When I need Quantum to do work for me, I create a new client folder in the shared drive that the service provider can connect to. I then assign a task from the database, explain what I want them to do in the client log, and set a deadline where I’ll check to see if the task has been completed. I can also prioritize the tasks to show which are the most urgent. (A sample rundown is included in the Useful Links list below.)

Everyday somebody at Quantum logs in and prints out a list of assigned cases in the order of highest priority. Then the service provider goes to the database, reads the client log to see what needs to be done, goes to the folder to get the relevant information, and does the work.

Service provider staff members save their work in the same folder, put a notation in the client log that the work was done, and send me a task to review it.

I review it and make sure it’s correct. I then either send the material to the client for review or ask the service provider to do so. When Quantum communicates with the client, it always uses an email address from my company.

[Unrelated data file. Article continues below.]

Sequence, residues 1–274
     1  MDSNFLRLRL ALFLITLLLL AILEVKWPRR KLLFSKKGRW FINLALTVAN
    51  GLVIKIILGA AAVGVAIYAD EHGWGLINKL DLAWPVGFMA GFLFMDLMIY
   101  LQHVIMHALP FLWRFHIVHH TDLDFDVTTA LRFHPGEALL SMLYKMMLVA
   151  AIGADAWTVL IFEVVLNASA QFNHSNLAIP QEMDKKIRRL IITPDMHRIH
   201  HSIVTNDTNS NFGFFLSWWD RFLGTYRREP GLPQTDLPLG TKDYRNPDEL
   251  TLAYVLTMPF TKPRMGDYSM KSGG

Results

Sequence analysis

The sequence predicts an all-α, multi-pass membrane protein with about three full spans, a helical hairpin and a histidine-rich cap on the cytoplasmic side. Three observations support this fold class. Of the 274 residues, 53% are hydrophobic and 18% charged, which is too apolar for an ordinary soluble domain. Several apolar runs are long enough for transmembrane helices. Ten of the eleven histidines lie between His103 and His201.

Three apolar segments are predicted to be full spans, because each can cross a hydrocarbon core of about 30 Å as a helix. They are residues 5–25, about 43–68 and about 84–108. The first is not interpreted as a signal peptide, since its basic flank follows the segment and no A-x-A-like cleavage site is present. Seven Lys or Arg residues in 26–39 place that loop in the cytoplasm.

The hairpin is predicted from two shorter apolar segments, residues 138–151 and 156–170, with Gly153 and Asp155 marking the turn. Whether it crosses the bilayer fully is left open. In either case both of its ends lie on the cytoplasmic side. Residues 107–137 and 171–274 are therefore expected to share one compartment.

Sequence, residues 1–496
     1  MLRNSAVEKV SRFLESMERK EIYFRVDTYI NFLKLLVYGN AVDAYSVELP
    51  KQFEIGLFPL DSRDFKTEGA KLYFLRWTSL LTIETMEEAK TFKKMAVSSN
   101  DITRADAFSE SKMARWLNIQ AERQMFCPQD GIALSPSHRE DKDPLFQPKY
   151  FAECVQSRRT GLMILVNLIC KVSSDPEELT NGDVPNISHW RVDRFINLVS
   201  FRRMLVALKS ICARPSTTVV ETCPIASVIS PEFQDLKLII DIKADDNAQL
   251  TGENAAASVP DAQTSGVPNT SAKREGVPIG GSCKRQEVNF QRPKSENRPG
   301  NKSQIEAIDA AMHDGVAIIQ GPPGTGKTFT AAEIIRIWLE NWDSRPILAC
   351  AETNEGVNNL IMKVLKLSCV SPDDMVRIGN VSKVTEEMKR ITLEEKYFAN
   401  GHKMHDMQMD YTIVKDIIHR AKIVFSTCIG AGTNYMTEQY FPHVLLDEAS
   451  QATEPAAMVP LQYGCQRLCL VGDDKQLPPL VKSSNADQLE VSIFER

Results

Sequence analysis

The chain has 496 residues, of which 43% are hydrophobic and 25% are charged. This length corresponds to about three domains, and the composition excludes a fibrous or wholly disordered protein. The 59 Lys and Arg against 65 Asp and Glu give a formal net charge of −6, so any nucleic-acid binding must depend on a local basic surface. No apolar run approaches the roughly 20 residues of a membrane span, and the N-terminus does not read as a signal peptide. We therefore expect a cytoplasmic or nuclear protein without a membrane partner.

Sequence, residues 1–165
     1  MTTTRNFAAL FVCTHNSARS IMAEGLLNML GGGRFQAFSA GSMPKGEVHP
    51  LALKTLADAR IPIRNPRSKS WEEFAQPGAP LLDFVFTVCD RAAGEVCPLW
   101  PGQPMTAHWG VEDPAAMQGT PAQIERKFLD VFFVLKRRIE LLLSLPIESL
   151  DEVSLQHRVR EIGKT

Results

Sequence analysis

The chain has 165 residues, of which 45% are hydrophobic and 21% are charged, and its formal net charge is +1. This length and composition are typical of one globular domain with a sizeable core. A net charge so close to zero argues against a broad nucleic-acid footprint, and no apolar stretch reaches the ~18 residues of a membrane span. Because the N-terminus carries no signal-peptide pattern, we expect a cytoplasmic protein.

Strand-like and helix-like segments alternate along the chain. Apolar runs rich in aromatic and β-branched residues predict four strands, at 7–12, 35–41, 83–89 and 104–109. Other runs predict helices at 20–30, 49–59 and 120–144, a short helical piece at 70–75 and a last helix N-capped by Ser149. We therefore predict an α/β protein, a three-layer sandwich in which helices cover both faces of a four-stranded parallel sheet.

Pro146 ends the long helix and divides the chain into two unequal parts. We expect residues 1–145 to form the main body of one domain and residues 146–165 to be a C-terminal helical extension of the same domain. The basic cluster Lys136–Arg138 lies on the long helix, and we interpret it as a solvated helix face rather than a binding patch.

I make notes about these tasks in the same client log available to both me and the service provider. We both include all of our actions and interactions with the client in the log so we can keep track of exactly what has been done.

How We Ensure Consistency in Communication

We want our clients to feel that they’re dealing with our firm, not a bunch of unrelated individuals. So we’ve created many templates of memos, email messages, letters, and other communication we expect to have with the client. This ensures a level of consistency among the various missives they receive from us or Quantum.

We’ve also created a flowchart to show what information is needed at each step of the immigration process and the order of steps along the way. We make this available to Quantum staff and require them to use it.

We’ve done this by using the software MindManager, which allows us to create flowcharts of each type of immigration case we work on. In addition, users can have links to relevant files or Web pages embedded in the flowchart. Finally, both our office and the service provider can write notes on the flowchart for special emphasis.

For each new case we create a flowchart based upon the MindManager flowchart template. Both our office and the service provider continually refer to this chart to make sure we’re working in a consistent way. (See the sample in the Useful Links list below.)

I Can’t Imagine Growing without Outsourcing

Outsourcing is an essential part of my current business and even more of my future. I can’t imagine my office without it. I feel strongly about this for many reasons.

The work is of high quality — higher than I originally expected. Also, as we worked together the people from the service provider quickly adapted to my style.